A Georgian Footman’s Guide to Opening the Door and Announcing Names

Footman. Author’s Collection.

The Georgian footman’s job was to open the door and announce names, and this task began when someone knocked at the door. The footman was to go immediately to the door, and, if for some reason he was unavailable to answer the door, he was to arrange with a fellow-servant to perform the task because it was considered improper and unpleasant to keep someone waiting. Footmen were advised that

“A little time is of great consequence to some persons, and particularly to tradespeople who may have another appointment to attend to; consider also that whenever you delay unnecessarily going to the door, or answering the bell, you are off your duty and culpable for being so.”

If a double knock occurred at the street door, the footman was to inquiry as to who was on the other side of the door. However, before doing so, the footman was to have already inquired within the family whether they were willing to see anyone. If they were willing to see someone, there was to be no confusion when the footman asked the question as to who was at the door. When opening the street door to a visitor, the door was to be thrown wide open but not so wide or hard as to damage the door handle or the wall. The footman was then to stand with the door open at the sill of the door and receive the visitor or answer any message delivered. Continue reading

French Chimney Sweeps

French Chimney Sweep, Courtesy of Bibliothèque nationale de France

French chimney sweeps, known as le ramoneur, were usually young boys between the age of eight and ten years old. They carried their licenses in their soot bag and lived a hard life. One nineteenth-century person called them “wretched little beings,” and another gave a description of the chimney sweep’s life in the following way:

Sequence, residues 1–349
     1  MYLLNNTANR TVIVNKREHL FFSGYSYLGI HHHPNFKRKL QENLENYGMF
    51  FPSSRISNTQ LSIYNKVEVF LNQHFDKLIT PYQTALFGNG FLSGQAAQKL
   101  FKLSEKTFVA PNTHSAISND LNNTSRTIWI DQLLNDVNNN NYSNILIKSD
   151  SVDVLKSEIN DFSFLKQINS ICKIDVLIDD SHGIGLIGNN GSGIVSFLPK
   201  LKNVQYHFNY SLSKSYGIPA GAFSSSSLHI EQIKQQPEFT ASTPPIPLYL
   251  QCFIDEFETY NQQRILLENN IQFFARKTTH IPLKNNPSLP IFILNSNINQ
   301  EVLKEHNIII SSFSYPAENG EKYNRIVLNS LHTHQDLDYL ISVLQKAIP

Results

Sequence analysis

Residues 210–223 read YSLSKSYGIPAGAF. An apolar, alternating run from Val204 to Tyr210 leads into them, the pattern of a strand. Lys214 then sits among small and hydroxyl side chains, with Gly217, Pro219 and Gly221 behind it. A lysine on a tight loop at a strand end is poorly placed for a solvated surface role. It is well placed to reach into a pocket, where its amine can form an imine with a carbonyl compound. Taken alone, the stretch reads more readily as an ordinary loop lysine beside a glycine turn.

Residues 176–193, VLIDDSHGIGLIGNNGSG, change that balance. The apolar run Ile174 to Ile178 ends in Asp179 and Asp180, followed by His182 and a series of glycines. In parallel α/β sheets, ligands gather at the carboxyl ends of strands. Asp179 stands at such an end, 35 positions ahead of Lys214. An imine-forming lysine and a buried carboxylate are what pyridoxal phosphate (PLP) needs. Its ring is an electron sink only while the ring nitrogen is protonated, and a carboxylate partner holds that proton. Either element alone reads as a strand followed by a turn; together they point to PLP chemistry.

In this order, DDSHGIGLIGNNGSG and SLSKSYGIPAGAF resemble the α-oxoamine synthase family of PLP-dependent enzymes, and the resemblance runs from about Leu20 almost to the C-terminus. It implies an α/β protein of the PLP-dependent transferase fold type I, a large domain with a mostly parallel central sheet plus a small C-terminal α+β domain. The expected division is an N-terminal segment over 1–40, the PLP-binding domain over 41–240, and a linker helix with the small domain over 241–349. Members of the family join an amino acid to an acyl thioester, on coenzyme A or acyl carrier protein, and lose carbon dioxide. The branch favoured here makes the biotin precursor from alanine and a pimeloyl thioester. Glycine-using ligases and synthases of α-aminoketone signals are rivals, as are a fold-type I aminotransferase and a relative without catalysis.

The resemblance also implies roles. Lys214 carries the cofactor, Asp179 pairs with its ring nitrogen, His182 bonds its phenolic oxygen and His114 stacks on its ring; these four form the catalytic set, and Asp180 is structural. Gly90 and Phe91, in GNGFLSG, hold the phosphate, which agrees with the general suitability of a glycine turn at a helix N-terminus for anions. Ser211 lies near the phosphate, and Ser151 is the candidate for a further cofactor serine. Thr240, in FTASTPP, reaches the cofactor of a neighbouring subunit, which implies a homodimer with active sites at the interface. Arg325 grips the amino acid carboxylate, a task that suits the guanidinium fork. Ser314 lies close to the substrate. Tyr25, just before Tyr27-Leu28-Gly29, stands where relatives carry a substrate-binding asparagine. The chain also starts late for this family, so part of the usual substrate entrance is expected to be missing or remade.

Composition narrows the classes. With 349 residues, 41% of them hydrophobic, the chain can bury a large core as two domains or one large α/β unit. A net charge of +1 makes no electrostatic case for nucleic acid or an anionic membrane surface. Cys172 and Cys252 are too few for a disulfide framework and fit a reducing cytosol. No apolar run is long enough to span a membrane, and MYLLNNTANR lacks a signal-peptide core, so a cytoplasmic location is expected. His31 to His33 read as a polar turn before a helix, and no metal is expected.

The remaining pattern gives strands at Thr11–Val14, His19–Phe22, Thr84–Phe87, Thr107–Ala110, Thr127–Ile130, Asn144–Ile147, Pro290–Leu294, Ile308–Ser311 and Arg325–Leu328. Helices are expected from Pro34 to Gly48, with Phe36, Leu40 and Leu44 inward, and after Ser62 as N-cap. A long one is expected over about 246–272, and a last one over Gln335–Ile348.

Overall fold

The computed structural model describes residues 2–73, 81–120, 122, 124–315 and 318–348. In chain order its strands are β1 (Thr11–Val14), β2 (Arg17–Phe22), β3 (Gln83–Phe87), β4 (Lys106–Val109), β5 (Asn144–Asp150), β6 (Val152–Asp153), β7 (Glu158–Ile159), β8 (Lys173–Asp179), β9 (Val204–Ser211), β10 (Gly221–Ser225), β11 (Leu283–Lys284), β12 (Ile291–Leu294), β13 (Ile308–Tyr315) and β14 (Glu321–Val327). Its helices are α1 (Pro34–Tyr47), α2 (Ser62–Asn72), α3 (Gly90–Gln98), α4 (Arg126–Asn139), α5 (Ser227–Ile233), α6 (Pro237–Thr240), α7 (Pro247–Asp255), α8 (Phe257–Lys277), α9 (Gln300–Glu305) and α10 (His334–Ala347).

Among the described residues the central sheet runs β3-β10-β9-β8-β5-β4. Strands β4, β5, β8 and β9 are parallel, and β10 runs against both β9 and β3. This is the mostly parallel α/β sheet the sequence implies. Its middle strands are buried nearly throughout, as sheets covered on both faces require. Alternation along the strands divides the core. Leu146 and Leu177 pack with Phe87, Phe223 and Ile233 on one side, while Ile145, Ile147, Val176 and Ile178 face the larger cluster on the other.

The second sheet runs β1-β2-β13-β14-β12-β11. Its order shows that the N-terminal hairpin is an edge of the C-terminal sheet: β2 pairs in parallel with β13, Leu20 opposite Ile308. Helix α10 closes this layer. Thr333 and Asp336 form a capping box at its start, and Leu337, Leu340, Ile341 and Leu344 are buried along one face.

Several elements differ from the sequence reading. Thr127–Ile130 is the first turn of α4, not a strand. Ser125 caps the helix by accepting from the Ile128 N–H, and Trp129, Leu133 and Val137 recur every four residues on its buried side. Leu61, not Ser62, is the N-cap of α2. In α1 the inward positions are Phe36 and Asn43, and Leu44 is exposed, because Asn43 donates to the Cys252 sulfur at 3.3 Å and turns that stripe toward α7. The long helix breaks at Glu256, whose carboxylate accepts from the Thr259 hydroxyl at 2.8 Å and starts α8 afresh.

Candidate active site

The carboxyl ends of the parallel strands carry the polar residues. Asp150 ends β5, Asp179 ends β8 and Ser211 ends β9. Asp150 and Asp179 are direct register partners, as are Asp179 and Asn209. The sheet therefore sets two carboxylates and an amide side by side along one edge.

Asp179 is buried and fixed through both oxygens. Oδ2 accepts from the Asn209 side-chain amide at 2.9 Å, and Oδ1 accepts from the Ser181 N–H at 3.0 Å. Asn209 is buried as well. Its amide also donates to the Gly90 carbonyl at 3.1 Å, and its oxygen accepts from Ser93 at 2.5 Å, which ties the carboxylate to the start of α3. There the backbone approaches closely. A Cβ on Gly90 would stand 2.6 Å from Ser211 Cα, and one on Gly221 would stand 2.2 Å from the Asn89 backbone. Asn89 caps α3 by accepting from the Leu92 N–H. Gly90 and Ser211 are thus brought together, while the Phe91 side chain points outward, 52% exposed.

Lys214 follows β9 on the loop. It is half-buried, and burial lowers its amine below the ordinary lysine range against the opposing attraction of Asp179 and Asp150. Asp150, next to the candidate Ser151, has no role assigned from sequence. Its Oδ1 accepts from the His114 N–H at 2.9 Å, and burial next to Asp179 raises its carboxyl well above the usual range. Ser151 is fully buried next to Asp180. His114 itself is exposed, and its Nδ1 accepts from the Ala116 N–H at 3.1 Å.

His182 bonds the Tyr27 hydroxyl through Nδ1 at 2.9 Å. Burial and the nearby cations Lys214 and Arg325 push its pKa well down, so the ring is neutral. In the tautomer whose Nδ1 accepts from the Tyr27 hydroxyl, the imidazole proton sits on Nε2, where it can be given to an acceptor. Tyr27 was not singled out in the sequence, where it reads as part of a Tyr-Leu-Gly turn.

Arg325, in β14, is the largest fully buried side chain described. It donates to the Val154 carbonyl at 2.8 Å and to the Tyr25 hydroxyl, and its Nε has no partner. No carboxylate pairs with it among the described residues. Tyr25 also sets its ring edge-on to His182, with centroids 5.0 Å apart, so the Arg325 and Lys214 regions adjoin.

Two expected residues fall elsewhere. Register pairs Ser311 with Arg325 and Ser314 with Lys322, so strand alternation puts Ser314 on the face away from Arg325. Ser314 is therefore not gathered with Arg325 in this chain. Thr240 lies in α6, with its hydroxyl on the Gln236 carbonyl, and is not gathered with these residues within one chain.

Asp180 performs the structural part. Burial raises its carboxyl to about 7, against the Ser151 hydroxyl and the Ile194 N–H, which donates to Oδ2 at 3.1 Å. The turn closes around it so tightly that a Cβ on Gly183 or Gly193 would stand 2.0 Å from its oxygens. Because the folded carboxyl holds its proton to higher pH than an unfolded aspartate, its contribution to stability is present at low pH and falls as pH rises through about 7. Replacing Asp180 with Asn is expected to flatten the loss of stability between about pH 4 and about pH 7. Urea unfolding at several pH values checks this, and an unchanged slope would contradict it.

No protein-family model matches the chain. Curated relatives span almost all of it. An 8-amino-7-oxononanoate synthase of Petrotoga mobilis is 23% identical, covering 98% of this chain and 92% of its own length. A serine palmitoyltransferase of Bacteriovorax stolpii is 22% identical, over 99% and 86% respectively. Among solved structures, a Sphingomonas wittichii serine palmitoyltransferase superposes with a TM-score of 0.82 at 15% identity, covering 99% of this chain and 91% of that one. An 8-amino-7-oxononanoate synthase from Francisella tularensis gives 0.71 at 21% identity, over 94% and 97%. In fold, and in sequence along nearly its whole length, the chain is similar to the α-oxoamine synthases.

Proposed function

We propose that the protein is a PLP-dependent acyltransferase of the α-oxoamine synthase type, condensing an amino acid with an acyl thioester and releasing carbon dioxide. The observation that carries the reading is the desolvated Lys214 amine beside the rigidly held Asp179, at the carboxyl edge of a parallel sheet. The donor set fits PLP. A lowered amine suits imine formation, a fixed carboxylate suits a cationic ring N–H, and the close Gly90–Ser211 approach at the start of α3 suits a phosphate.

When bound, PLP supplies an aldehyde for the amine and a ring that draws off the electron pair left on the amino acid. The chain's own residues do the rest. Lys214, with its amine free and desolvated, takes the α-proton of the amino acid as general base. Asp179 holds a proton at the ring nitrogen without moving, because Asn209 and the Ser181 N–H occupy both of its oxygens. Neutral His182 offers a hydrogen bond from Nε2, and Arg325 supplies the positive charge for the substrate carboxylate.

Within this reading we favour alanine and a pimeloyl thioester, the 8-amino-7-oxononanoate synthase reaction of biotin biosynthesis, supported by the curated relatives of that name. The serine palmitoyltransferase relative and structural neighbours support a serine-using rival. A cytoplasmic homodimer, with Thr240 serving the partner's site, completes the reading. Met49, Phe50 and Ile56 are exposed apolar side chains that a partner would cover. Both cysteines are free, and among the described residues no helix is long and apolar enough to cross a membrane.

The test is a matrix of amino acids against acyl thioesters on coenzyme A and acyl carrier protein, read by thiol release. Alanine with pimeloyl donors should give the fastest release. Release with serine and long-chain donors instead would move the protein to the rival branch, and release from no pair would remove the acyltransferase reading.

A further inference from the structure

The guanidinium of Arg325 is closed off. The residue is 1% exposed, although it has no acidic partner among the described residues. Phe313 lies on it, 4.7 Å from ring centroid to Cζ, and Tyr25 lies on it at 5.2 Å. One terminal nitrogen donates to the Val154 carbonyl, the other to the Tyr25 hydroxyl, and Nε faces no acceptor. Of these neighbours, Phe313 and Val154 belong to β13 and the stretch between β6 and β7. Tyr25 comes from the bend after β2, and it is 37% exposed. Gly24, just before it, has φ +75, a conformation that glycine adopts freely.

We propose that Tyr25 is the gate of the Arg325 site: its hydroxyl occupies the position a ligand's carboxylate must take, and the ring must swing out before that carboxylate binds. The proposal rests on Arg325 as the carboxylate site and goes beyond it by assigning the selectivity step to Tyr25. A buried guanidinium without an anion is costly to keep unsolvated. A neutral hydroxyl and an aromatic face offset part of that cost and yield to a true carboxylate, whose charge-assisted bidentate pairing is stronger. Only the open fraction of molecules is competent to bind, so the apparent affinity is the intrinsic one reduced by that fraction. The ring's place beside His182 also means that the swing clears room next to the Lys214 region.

“The poor child must resign himself to become, during an hour or two, dumb, blind, and half-choked and deafened by soot; he must entomb himself alive, in a kind of sepulchre; he must climb scratch and cling, and hoist himself up, until his comrade on the roof, perceives the tip of his little soot-begrimed nose over the ridge of the chimney pot.”

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Running Footmen

running footmen
A Footman in His Livery, Author’s Collection

Running footmen were used by some people in the 1700s, while other people claimed they were not particularly useful. For those that thought running footmen useful, they claimed they were a necessary part of traveling equipage and a dignified way to show a passenger’s importance. For those who thought otherwise, they said running footmen were selected based on their physical attributes alone. However, running footmen did sometimes help: They occasionally lifted a vehicle out of rut, assisted the coach or carriage as it crossed a river, or ensured the vehicle did not overturn because of ditches, tree roots, or other obstacles.

Up until the end of the eighteenth century roads were bad, and coach travel was usually slow (seldom above five miles an hour), which was one reason running footmen could keep up. Nevertheless, the running footman needed to be a healthy, agile man. Moreover, the footman needed to also wear appropriate clothing to perform his duties. His dress usually involved “a light black cap, a jockey coat, white linen trousers, or a mere linen shirt coming to the knees, with a pole of six or seven feet long.” On top of the pole was a hollow ball. The hollow was the spot where the footman kept a small refreshment, such as a hard-boiled egg or some sips of wine. Apparently, the pole originated from a long silver-headed cane and was still used in the 1800s by footmen who rode at the back of carriages of the nobility. Continue reading

Parisian Fortune-Tellers in the Eighteenth Century

Parisian fortune-tellers were plentiful in eighteenth century France, and many fortune seekers visited them during the French Revolution hoping to learn if they would keep their head or not. One man wrote that when he visited the Pont Neuf, fortune-tellers regular used a deck of cards to predict a person’s future. However, a deck of card was not the only way a person discovered his or her future. Some fortune-tellers used a long pipe which had one end placed on the ear of the fortune seeker and the other end near the fortune-teller’s mouth. The fortune-teller then explained in a quiet voice the fortune seeker’s “futurity … [and promised] lavish wealth and prosperity at the moderate price of deux sous.”[1] In addition, fortunes could also be obtained by a fortune-teller reading the dregs of a person’s coffee cup. Continue reading